Schuman Plan Assembly

The Schuman Plan Assembly has itself passed no resolution on the role of observers in its deliberations. The Assembly of the Council of Europe has, on the other hand, adopted a resolution which, among other things, gives observers the right to speak at meetings of the Assembly of the Coal and Steel Community and implies they should have a similar right at the Council of Ministers [Page 207] of the CSC. A telegram from Paris of September 305 indicates that the High Authority is considerably disturbed by this resolution and feels that much of it is inconsistent with the supranational character of the Coal and Steel Community. I am in general agreement with the substantive points made in the telegram as to the reasons why the Council of Europe action impinges on the authority of the CSC. Apparently the High Authority has already been in touch with Spaak and is itself of the opinion that, in the unlikely event that the resolution were to be adopted as it stands by the Ministers of the Council of Europe and subsequently agreed to by the Assembly of the CSC, the High Authority would take the question to the Court of the Community on the grounds that certain of the provisions violated the Treaty.

It seems to me that it would be unfortunate if the situation were allowed to reach the stage where the issue was resolved by the Court. I think a serious enough point is at issue, namely, whether it is consistent with the “Supranationalism” of the Community for observers to have extensive privileges in any of the organs of the Community so that we should at least assure ourselves that this point will be satisfactorily handled short of a decision by the Court. Accordingly, if you agree, I would suggest a circular telegram to the principal posts concerned, indicating that we share many of the misgivings of the High Authority on this resolution, and asking our missions to sound out the reception the resolution is apt to get when considered by the Council of Ministers. In the light of these responses we can determine whether or not it would be desirable to discuss the broad question of the role of observers, including our own, with a number of the key countries before the Council of Ministers acts. We do not know for sure when the next meeting of the Council of Ministers will be held, but there is some indication it may be in December.6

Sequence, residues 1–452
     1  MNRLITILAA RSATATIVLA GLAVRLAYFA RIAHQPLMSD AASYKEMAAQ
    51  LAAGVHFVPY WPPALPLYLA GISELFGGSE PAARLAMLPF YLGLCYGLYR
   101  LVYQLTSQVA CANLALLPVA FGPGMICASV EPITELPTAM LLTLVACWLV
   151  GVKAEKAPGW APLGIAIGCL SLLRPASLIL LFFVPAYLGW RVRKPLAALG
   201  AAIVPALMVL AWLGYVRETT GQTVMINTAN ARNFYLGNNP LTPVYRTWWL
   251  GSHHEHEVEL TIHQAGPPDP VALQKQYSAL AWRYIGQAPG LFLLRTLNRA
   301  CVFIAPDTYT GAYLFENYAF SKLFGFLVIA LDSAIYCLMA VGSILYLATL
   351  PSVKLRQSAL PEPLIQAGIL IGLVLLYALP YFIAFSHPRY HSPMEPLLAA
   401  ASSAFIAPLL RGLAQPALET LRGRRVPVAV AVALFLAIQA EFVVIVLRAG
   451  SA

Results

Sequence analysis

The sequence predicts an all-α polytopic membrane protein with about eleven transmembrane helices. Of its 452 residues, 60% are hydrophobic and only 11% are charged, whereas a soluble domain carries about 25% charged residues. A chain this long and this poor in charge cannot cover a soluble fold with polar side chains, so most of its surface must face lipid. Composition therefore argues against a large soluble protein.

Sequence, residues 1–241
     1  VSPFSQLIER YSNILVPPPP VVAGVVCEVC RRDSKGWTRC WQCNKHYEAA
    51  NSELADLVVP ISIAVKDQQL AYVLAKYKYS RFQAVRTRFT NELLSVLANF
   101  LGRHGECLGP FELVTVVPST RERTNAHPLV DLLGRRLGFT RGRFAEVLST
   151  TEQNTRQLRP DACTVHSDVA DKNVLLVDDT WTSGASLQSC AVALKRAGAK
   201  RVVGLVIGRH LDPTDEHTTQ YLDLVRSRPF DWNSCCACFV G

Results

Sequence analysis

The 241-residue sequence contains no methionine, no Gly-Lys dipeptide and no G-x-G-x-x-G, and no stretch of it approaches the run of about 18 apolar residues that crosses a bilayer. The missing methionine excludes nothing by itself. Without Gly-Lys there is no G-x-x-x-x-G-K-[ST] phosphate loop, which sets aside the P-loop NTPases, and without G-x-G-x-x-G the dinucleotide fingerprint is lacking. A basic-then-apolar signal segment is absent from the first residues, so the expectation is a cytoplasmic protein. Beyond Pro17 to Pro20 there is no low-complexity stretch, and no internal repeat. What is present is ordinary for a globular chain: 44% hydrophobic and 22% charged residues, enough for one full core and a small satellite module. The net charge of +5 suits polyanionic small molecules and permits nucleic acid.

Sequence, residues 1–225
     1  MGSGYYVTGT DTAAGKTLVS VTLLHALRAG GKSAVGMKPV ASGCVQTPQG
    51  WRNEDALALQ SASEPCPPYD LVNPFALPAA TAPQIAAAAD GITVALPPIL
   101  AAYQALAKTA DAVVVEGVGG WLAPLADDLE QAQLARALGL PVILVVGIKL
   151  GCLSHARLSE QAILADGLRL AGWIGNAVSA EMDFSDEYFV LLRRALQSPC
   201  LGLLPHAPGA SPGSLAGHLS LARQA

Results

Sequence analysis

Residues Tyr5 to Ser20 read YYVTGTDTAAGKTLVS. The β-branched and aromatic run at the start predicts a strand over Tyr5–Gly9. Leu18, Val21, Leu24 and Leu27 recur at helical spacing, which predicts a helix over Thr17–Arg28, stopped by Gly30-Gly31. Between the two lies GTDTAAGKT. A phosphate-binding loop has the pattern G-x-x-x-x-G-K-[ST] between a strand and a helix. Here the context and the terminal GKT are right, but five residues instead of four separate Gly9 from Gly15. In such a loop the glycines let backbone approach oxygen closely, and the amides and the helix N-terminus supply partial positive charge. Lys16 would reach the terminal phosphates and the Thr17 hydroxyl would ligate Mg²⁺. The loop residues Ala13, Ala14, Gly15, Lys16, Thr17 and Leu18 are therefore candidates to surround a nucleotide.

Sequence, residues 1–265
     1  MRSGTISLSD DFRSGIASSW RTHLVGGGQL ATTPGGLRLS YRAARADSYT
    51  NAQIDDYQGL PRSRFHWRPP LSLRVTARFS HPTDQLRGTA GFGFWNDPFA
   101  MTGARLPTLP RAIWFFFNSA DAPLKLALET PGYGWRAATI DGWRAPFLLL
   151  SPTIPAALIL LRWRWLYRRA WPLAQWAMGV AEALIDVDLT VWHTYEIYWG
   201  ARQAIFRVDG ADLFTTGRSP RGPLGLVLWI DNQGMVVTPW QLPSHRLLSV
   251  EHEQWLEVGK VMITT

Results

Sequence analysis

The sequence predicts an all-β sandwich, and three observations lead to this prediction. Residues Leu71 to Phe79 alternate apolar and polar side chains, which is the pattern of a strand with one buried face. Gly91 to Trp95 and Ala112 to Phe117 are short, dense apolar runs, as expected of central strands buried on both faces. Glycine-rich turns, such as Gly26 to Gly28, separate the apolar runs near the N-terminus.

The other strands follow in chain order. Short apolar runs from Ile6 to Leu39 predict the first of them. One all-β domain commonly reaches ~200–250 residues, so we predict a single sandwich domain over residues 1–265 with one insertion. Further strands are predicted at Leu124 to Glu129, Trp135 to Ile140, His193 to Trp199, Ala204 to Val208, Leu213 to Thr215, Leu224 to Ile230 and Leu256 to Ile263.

1. Attached to the source text was a covering memorandum from Bonbright to Bruce, dated Oct. 6, which read as follows: “Here is the memorandum Miriam Camp prepared following our talk the other day. If you agree with the conclusion on p. 4 we will go ahead on that basis.”
  2. No record of this meeting was found in Department of State files.
  3. Presumably a reference to Document 114.
  4. This is a reference to telegram 99 from Strasbourg, Sept. 25, which informed the Department of State that De Neree believed the Preconstituent Committee would ask the Ad Hoc Assembly for its advice regarding observers. (740.00/9–2552)
  5. This is a reference to telegram Polto 380 from Paris, Sept. 30, which informed the Department of State of the objections that the High Authority had to Opinion 3 which was being debated in the Consultative Assembly meetings in Strasbourg. (740.5/9–3052)
  6. A handwritten notation by Bonbright in the margin of the source text read as follows: “Approved by Mr. Bruce. J. C. H. B.” With Bruce’s approval (see footnote 1 above), circular telegram 405 was transmitted to London, Paris, Rome, Brussels, The Hague, Stockholm, Oslo, Copenhagen, Vienna, Ottawa, Bonn, Luxembourg, and Strasbourg, on Oct. 10 as proposed in the last paragraph of this telegram. (850.33/10–1052)